I assure Senator O'Toole I am happy with my position.

Senator Mullen has laid out his amendment. Perhaps it is time to open out the debate.

No, this is important.

If the Senator says so.

Senator McDonald said that such a provision would be a form of "dressed up bigotry". At the same time she claimed, without any sense of irony or contradiction that "tolerance is about [allowing others] to make choices" with which one might not agree. There has been a lack of refined thinking in this forum about the meaning of conscience and its precise limitations. The Chair will be delighted to hear I am withholding my response to Senator Harris's regrettable comments until the debate on a later amendment. Instead, I will put on the record the contents of a letter I received from two people who——

I will not allow that unless the letter is relevant to amendment No. 15.

It is entirely relevant.

The Senator has been speaking for 20 minutes. No one else has been able to make a contribution.

There is no time limit.

I ask the Chair not to try to——

The Senator must observe relevance to the amendment.

I assure the Chair that this is relevant.

In the Senator's opinion.

The letter in question, which was written by Mr. Patrick Ryan and Mr. David Nelson, states: "We respectfully request that before passing this bill you consider a number of possibly unintended consequences, and accept amendments being proposed to rectify them".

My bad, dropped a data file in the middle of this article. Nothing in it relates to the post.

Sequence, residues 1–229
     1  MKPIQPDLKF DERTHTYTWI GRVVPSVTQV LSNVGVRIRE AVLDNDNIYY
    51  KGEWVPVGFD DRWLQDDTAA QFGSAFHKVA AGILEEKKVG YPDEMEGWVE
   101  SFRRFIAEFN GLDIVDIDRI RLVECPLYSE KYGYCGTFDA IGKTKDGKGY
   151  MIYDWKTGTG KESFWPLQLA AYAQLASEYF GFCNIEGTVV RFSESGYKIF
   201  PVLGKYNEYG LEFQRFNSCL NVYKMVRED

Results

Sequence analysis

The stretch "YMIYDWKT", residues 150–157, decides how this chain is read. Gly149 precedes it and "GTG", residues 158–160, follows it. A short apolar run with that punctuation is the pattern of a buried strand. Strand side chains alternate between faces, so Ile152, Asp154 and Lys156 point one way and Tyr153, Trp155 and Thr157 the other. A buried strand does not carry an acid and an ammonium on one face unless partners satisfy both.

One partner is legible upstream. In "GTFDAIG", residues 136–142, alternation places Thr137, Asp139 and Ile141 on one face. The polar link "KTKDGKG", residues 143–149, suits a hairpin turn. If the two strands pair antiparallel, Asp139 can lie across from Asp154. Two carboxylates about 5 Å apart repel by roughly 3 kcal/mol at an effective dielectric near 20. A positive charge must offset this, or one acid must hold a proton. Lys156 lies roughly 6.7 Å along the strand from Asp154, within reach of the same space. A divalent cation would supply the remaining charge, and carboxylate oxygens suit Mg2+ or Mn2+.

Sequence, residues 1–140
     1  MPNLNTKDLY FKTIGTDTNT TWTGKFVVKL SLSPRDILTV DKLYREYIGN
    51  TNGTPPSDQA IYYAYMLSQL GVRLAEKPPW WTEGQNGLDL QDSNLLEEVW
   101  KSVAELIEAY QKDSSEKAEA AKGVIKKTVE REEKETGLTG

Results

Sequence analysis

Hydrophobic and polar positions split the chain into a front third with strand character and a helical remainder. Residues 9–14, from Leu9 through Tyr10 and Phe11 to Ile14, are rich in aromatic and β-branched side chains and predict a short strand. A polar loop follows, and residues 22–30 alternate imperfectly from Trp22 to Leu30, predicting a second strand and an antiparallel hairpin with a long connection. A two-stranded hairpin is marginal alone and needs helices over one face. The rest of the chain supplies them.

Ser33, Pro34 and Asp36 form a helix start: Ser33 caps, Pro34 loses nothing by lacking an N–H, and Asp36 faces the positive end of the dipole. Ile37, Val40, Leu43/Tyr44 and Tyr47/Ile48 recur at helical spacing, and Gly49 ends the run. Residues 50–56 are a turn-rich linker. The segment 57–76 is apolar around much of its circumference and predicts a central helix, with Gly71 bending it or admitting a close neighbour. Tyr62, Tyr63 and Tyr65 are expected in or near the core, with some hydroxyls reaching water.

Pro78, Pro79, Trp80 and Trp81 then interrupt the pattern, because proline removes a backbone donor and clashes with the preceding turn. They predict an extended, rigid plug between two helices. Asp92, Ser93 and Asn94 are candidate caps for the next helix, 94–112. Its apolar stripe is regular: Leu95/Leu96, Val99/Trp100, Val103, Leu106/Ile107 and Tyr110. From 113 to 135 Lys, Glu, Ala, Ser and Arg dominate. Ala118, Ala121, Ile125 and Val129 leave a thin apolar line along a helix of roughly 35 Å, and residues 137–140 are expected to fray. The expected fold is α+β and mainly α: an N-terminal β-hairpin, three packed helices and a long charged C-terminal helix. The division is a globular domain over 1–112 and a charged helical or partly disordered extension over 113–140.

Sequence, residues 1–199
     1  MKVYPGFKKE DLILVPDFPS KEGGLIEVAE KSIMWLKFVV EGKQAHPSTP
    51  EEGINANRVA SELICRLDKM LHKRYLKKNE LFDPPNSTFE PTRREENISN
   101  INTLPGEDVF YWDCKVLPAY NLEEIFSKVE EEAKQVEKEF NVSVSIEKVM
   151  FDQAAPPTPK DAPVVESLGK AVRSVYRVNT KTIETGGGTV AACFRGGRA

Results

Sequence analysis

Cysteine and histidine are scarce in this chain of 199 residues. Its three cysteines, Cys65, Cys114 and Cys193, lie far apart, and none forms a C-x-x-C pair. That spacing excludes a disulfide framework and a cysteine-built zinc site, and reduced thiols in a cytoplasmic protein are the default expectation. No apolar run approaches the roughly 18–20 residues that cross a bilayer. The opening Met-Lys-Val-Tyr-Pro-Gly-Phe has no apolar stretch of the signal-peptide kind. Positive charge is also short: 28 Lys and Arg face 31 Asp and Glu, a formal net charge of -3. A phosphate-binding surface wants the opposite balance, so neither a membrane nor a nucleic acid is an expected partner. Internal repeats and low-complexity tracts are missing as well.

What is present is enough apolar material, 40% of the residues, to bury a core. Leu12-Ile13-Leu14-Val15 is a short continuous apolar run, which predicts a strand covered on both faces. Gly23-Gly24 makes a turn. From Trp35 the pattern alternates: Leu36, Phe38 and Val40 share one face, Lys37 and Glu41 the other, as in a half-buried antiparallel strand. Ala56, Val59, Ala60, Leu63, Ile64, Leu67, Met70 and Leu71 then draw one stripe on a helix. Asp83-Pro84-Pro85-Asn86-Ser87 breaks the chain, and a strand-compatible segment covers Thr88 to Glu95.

On a point of order, it is a tradition in this House — it may be one of the rules of the House — that people outside the House should not be named because they are not in a position to defend themselves. The Senator has done this most unscrupulously. I would like to know whether he has permission to name these people and to quote from their letter. Even if he has such permission, it is outside the tradition of this House and the rulings of the Chair for people to be named in this fashion.

It is as if butter would not melt in the Senator's mouth. Has he ever broken that rule?

Only with the greatest of refinement.

The Senator is correct to say it is not customary to mention people's names.

I would be grateful if their names were removed from the record. However, I propose to put on the record the contents of their letter, in which their concerns are expressed. That is what I am paid to do as a legislator. The letter continues:

The right of conscientious objection is a matter for each individual in a matter which he considers serious enough to exercise his conscience. An example is a conscientious objection to the killing of animals in blood sports but not to their killing in abattoirs, without any inconsistency to his general moral position. The Minister's contention that a registrar might use such a conscientious objection clause to discriminate on the basis of colour, fat or thin, young or old is insulting to a registrar's sense of moral proportion. This attitude would trivialise same sex unions and regard them as matters of little moral concern.